Lab 3: The Synthetic Psychology of Sound Localization
Purpose of the lab
The goal of this lab is to explore the cognitive science of sound localization. Sound localization refers to the ability of humans and many other animals to perceive aspects of the 3D properties of the world using your ears. This is a pretty amazing fact that we often take for granted. In addition, our understanding of how our brains accomplish this has practical implications. For example, recent entertainment technologies like "3D Sound" can enhance the experience of watching television or a movie.
Sound localization is particularly interesting in the context of this course because research on this ability involves all three levels of David Marr's taxonomy: the computational level, the mechanism level, and the implementation level. Engineers and physicists interested in developing artificial systems to localize sound developed an understanding of the general problems that needed to be solved. Psychologists performed experiments on animals and humans understanding which cues were important for listeners in correctly localizing sound. Finally, neuroscientists identified individual neurons and neural circuits which support the computations that engineers had supposed would be important for doing sound localization. Thus, it stands as an excellent example of a complete, integrated theory of how (and why) people work the way that they do.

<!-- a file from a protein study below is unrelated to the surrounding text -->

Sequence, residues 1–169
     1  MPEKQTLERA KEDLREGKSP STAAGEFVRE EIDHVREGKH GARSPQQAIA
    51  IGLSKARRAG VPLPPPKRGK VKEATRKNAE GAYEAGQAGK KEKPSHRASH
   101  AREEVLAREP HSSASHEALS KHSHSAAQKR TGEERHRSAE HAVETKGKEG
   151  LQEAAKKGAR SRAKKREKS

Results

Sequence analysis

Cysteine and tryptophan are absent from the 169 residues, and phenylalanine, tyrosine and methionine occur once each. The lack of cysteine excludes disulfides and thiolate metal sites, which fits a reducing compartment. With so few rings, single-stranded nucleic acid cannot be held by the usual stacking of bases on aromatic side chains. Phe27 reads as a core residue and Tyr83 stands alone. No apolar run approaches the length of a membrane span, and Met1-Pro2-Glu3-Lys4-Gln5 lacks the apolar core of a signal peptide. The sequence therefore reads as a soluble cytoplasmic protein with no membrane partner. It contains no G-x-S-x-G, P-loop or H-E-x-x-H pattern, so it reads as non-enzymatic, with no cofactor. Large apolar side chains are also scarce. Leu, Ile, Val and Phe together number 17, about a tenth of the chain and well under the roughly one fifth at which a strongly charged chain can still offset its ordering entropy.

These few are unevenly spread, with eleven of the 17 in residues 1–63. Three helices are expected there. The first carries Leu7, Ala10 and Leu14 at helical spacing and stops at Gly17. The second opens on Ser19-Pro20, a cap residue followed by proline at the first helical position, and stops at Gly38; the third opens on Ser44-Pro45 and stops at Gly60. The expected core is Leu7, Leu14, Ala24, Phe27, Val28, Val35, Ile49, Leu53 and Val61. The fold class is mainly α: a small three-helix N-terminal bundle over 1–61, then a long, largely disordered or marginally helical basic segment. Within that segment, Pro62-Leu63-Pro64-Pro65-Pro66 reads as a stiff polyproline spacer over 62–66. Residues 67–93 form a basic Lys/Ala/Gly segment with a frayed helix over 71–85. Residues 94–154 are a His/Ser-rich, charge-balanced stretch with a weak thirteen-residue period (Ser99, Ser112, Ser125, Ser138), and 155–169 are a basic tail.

This lab will take place over the next couple weeks and involves seven tasks (click to view each section):
- Task 1: A psychology experiment
- Task 2: Learn some background theory
- Task 3: Learn about the microphone and your ear
- Task 4: Build an artificial auditory system (i.e., a microphone!)
- Task 5: Learn about neurons, coincidence detection, and math!
- Task 6: Program a sound localization system
- Task 7: Test your system
- Task 8: Answer some questions